Zack (Walter Jones) is the black ranger. His zord is the mastadon, and he is quite the dancer. Blue ranger Billy (David Yost) is the brains of the operation. He creates several useful inventions for the team and controls the triceratops zord. Last is the aforementioned pink ranger, Kimberly (Amy Jo Johnson). She’s a talented gymnast and soars high with her pterodactyl zord. As if Rita and her gang weren’t enough to contend with, these teens also have to deal with bullies Bulk and Skull (Paul Shrier & Jason Narvy) causing trouble on a smaller scale. Another ranger, Tommy (Jason David Frank), joins the team eventually, but we’ll get to him when we start discussing the episodes.
Power Rangers was produced by Haim Saban and Shuki Levy, a pair of music composers turned media moguls. I’ve got to admit that what these two did with this show was quite a brilliant idea. The footage of the American teenagers was original to this show, but the zords, monsters, and kung fu action all originated as part of Japan’s long-running Super Sentai series. Different incarnations of the series have been in constant rotation on Japanese TV since 1975. Since when our heroes are in their full ranger outfits their faces are completely covered, no 90’s kids could tell the difference. This also allowed the producers to change some things…most notably the fact that in the Japanese series the yellow ranger was a guy, and here it’s a girl. That explains why the pink ranger’s uniform has a skirt, but the yellow ranger does not. A much more obvious clue to the origin of certain scenes was the fact that Rita’s mouth movements never matched the words she was saying. That aside, though, I would imagine that production costs for Power Rangers was relatively low considering that only a portion of each episode was new footage. The formula certainly worked, though. The show became a ratings champ for the Fox Network’s weekday afternoon kids block of programming. Two feature films were inspired by the show (with a reboot movie due to be released in 2017) and there has been an endless stream of follow-up series’ for over 20 years.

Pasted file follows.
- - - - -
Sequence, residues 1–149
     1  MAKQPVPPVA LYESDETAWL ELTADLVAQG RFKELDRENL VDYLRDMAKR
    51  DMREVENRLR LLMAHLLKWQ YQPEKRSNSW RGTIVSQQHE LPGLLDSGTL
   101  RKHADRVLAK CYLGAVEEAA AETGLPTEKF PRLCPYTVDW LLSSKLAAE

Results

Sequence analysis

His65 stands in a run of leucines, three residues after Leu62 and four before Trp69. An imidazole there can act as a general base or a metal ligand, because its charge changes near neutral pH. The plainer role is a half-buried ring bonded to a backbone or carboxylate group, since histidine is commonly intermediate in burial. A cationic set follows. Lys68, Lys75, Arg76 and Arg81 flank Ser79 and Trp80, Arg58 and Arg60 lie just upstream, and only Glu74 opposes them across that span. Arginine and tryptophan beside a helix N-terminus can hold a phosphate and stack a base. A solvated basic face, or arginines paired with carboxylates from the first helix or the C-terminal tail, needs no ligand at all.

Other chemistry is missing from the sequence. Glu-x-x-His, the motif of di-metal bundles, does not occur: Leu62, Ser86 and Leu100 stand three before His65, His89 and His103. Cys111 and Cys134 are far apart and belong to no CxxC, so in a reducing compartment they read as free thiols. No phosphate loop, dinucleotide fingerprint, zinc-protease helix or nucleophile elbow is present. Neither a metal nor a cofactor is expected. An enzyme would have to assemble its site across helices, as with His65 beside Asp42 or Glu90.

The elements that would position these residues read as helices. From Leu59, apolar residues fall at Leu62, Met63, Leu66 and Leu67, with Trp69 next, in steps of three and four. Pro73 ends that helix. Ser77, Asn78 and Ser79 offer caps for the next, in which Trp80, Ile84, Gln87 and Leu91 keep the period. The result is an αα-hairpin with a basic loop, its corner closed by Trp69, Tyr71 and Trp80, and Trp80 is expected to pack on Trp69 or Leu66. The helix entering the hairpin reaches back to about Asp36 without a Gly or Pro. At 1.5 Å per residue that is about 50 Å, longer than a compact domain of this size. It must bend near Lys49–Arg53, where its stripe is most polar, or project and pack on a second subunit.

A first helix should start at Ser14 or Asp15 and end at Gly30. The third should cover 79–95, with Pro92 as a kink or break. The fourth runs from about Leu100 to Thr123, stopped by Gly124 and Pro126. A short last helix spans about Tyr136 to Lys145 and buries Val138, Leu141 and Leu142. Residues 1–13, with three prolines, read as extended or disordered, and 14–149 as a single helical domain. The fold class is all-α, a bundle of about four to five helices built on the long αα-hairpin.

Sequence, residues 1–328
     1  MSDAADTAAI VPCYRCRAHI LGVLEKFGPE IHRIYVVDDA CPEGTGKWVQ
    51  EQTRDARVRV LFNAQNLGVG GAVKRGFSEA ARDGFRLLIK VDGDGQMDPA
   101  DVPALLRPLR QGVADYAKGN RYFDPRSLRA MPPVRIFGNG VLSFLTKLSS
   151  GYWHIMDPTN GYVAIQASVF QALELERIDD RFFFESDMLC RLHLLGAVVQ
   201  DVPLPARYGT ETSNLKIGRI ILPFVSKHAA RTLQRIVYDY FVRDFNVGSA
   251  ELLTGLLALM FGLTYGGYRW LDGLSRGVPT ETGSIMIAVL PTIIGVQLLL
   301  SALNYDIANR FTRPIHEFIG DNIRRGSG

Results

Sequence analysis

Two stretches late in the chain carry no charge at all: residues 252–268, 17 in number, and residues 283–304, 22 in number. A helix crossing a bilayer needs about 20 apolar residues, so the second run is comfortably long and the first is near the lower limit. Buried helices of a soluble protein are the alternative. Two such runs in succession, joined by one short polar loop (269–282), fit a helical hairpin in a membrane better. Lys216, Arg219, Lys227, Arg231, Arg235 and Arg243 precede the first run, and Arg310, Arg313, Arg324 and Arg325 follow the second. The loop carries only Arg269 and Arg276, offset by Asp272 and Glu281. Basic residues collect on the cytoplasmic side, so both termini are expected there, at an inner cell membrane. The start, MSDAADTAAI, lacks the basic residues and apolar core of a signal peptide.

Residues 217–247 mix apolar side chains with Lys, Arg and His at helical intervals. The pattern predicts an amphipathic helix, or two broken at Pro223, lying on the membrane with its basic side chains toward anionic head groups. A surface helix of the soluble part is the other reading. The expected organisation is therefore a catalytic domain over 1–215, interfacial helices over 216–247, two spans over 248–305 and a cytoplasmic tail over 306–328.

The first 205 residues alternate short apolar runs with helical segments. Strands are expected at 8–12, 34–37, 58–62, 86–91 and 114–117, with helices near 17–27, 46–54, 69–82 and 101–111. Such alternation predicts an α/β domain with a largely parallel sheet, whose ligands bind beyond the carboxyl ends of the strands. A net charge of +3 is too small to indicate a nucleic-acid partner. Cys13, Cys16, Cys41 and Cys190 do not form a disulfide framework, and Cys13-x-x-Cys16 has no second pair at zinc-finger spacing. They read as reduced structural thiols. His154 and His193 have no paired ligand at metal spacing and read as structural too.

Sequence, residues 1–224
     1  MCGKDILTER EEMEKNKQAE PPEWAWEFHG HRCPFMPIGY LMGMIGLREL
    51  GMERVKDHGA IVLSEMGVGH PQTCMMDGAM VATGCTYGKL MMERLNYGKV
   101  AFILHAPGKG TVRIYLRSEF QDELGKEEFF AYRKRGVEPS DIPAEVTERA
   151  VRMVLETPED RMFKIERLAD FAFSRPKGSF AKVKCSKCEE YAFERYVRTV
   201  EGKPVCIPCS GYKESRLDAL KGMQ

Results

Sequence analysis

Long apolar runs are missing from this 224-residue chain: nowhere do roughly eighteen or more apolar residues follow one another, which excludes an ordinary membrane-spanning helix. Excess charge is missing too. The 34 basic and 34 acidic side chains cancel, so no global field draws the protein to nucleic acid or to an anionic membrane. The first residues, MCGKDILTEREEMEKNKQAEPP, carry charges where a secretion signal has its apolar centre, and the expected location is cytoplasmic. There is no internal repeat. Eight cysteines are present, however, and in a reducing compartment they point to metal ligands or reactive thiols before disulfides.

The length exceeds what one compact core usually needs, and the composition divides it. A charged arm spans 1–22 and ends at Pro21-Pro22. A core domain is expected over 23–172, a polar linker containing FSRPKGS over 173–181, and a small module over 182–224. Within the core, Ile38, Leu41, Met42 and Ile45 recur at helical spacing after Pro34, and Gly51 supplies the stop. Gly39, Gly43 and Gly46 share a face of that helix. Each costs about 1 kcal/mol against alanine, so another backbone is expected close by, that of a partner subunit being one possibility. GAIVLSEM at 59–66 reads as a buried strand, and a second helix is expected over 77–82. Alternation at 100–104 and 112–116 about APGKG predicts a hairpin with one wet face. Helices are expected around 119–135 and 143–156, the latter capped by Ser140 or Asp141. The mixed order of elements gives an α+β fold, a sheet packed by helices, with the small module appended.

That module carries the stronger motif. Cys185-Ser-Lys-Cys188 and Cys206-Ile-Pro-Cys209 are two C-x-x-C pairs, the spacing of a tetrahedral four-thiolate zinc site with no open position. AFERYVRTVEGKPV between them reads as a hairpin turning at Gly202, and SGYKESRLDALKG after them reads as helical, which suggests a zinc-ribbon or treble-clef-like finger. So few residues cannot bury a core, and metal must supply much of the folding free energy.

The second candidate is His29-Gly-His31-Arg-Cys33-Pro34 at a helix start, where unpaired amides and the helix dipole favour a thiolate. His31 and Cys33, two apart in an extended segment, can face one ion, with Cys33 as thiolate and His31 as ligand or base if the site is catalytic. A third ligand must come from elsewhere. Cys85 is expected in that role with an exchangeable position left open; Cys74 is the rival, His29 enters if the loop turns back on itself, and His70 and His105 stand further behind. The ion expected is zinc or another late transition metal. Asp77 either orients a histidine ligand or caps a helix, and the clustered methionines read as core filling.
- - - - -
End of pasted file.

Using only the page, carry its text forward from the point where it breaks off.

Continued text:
A few years ago my strange sense of curiosity drove me to start watching this show with my son. I was thoroughly surprised at how entertaining the series is. Yes, the stories are silly, but there’s something strangely charming about the show. There are a lot of fun martial arts action sequences that are actually quite exciting. Then there’s the kaiju angle! I mean come on…giant monsters fighting giant robots, what’s not to like? Well, of course, some folks found stuff not to like. When the show was initially released in 1993, some parent groups loudly proclaimed that the show was way too violent for kids. But hey, that’s what they used to say about the Three Stooges shorts I watched as a kid. The cries of whiny parents didn’t do any good, though, all the monster action wrapped up in an oh-so-90’s package created a weird and wonderful kids classic.
145 episodes of this baby were made, making up three seasons (it was a daily show, remember). So, we’ve got a long way to go on this. We’d better get to it. It’s morphin’ time!!